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Utah's big drop in chronic homelessness is 'fiction,' economist says

But state says its count has been refined over the years

SALT LAKE CITY — Is it an "unrealistic narrative" or is Utah's reported 91 percent reduction in chronic homelessness over a decade a bona fide success?

In recent years, Utah's experiences have been chronicled by the national media ranging from the Washington Post, Business Insider and even "The Daily Show." Most tell variations of a story that the state has virtually ended chronic homelessness by giving people homes.

Kevin Corinth, a fellow with the conservative American Enterprise Institute, in a recent Huffington Post article and an article on the institute's website, takes a different tack.

"The miraculous story of a 91 percent reduction in chronic homelessness appears to be fiction," he writes for American Enterprise Institute.

It starts with the annual count of homeless people conducted each year in January as required by the U.S. Department of Housing and Urban Development.

Teams of volunteers fan out across their respective cities nationwide and survey unsheltered people they encounter. The counts are the basis of each year's Point-in-Time Count provided to federal officials, which are annualized.

Corinth says the results of Utah's Point-in-Time Count reported to HUD included different math and classification procedures during the decade of 2005-2015.

"If you take the actual Point-in-Time Counts reported by Utah to the federal government, and if you remove the two time periods when the changing numbers were driven largely by how the chronically homeless were classified, then chronic homelessness wouldn't have fallen at all over the past decade," he said.

Tamera Kohler, director of the state's Community Services Office, said the count has been refined over the years, with state officials and nonprofit partners developing more sophisticated record keeping and survey tools.

In the early years of Utah's 10-year initiative to end chronic homelessness, acting on the advice of human services professionals and what was considered best practice at the time, volunteers were instructed not to talk to people believed to be homeless.

They instead recorded their observations, such as numbers of people and types of makeshift shelters, if any. The numbers were annualized — adjusted upward to reflect people who might not be counted that night but would become homeless during the year.

"There's nothing wrong with annualizing numbers. But Utah was inconsistent. For example, the Point-in-Time Count was doubled in 2009 but it wasn't adjusted at all in 2015," Corinth wrote for Huffington Post.

Utah volunteers now engage unsheltered people they meet during the count, which is conducted one day in late January before daylight on a date chosen by HUD. Volunteers use formal questionnaires to guide their interviews and collect uniform information.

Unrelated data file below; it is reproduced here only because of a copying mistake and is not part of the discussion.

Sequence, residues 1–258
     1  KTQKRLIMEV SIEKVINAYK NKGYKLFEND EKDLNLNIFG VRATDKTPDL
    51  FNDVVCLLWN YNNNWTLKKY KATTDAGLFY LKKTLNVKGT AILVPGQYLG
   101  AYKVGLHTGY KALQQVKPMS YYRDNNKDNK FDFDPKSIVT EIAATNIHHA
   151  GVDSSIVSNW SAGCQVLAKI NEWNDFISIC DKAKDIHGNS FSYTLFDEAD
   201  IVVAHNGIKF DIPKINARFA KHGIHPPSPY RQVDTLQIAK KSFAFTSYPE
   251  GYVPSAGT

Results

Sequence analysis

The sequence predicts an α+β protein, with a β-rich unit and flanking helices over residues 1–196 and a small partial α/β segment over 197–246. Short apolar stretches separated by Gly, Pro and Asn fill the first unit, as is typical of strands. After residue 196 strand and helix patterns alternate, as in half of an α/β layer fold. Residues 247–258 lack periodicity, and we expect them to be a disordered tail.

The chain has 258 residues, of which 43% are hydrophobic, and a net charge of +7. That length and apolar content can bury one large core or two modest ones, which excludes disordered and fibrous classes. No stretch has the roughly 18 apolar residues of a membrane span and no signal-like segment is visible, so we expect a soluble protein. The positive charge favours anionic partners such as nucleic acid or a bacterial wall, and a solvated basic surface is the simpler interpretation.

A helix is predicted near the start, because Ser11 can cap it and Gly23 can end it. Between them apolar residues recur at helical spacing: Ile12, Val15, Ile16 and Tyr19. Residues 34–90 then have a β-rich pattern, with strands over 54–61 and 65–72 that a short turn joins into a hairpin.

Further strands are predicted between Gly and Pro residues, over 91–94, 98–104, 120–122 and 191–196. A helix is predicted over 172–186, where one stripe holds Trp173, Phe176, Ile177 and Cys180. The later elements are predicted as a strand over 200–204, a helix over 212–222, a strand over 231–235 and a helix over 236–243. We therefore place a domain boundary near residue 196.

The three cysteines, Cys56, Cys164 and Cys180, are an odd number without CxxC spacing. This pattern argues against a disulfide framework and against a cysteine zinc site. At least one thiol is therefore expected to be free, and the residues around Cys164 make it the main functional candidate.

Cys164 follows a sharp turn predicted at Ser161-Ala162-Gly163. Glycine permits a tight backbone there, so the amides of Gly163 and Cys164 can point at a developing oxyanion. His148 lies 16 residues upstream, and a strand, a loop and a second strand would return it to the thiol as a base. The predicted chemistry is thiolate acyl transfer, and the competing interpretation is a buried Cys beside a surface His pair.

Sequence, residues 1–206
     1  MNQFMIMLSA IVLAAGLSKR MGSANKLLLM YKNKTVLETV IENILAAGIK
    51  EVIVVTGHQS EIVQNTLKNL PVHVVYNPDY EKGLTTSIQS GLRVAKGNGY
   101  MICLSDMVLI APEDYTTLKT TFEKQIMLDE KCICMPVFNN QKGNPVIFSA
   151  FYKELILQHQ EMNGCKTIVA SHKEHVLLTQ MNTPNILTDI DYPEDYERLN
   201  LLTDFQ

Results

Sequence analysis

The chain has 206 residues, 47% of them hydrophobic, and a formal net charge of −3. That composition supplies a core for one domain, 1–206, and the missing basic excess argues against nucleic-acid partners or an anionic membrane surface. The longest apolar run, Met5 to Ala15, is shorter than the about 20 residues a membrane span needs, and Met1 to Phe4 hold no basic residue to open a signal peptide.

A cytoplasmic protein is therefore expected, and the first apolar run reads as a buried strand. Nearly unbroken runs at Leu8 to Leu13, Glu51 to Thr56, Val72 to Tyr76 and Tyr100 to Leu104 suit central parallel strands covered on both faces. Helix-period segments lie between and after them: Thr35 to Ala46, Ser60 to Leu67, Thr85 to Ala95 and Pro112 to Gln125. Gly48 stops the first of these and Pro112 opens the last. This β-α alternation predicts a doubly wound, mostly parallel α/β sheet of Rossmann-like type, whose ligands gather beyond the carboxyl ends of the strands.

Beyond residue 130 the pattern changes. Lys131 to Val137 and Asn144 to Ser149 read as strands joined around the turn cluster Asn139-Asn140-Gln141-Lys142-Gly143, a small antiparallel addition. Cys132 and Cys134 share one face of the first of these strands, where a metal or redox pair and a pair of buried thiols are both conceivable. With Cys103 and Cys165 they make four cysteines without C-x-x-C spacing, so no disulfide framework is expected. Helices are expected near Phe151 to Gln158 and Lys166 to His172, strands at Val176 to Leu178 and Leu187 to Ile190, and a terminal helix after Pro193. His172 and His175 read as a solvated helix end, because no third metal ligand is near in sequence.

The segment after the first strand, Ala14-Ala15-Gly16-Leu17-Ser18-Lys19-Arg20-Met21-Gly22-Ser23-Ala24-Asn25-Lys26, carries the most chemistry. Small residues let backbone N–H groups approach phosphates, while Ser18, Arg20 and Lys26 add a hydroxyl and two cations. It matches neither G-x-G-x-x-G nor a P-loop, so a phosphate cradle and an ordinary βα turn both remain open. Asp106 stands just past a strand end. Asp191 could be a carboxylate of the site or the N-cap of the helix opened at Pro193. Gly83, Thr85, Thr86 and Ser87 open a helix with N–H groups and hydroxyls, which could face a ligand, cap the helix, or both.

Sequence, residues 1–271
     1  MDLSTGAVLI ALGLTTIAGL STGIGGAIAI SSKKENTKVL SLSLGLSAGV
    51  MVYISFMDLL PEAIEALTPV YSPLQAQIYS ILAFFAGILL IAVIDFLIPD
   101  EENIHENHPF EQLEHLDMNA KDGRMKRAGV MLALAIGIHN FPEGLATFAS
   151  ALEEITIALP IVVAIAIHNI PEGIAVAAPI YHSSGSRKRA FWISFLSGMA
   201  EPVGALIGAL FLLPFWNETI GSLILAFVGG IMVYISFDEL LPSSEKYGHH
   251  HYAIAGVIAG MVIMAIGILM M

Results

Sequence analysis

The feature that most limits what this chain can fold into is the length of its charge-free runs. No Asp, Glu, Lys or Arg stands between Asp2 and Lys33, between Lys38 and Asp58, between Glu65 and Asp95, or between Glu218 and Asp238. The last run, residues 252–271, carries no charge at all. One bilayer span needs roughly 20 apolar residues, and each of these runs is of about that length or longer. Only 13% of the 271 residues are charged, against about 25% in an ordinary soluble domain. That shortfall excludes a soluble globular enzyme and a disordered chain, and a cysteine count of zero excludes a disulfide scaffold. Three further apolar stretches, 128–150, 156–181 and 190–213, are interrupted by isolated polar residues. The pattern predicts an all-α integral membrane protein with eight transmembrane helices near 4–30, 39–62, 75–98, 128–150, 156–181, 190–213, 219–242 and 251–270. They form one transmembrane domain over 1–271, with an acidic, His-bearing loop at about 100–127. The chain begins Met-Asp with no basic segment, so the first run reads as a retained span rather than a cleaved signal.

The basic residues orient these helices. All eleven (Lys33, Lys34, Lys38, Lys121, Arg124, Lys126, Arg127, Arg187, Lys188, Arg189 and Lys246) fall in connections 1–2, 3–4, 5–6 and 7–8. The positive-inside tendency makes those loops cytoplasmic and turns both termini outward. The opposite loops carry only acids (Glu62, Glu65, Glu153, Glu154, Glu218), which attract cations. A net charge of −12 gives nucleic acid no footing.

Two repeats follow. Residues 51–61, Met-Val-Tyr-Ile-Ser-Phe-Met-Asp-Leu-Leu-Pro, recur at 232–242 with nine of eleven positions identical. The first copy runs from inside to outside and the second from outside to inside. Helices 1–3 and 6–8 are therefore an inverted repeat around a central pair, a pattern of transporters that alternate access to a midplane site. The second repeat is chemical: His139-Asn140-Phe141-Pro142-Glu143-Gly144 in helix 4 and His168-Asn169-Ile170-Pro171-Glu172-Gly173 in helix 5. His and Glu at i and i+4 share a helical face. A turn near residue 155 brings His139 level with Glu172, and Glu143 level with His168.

"What we did 10 years ago is not what we do today," Kohler said.

In addition to the federally required Point-In-Time Count, Kohler said state officials and service providers also conduct monthly "triage" meetings to assess whether the needs of chronically homeless Utahns — fewer than 200 people and most of them known by name — are being met.

HUD's definition of chronic homelessness includes people who experience one episode of homelessness longer than one year or have had four episodes of homelessness in three years, and they have a disabling condition.

Of the entire population of homeless people in Utah, chronically homeless people make up about 3.9 percent of the whole but they are some of the most vulnerable and expensive individuals to serve, Kohler said. In other cities across the country, chronically homeless individuals make up 10 to 15 percent of other communities' homeless population, she said.

While the Point-In-Time Count provides one snapshot of information about Utah's homeless population, Utah's inventory of dedicated permanent supportive housing units and rapid rehousing units grew considerably between 2005 and 2015, Kohler noted.

Palmer Court, Sunrise Metro, Kelly Benson Apartments and Grace Mary Manor opened during that period, adding hundreds of units of housing for chronically homeless people.

"You house this many people, that itself has an impact on how many people are still in our system on that one night," Kohler said.

Kohler said she, too, uses data to make funding decisions so she welcomes Corinth taking a hard look at counting procedures across the spectrum.

Utah officials said they have reached out to Corinth and have encouraged him to visit the state to learn more about Utah's efforts to reduce homelessness.

While Corinth writes that Utah's state data was "used to spin the tempting but unrealistic narrative that ending homelessness is as simple as giving homes to the homeless people," he also says the Beehive State has done a lot of good things.

"The state has rightly focused most intensely on the homeless who sleep on the street and who have serious problems with mental illness and addiction. Hundreds of people have been moved from the street and shelters into housing. Whether the overall numbers have plummeted the way Utah reports should not distract from these positive steps," he writes.

While some pit the progress of one state against another, Kohler said Utah government officials and service providers are focused on improving service delivery and improving the well-being of homeless people or formerly homeless people one year to the next.

"We still are learning how to properly engage this population and meet their needs. We're still trying to figure out how to get this right," Kohler said.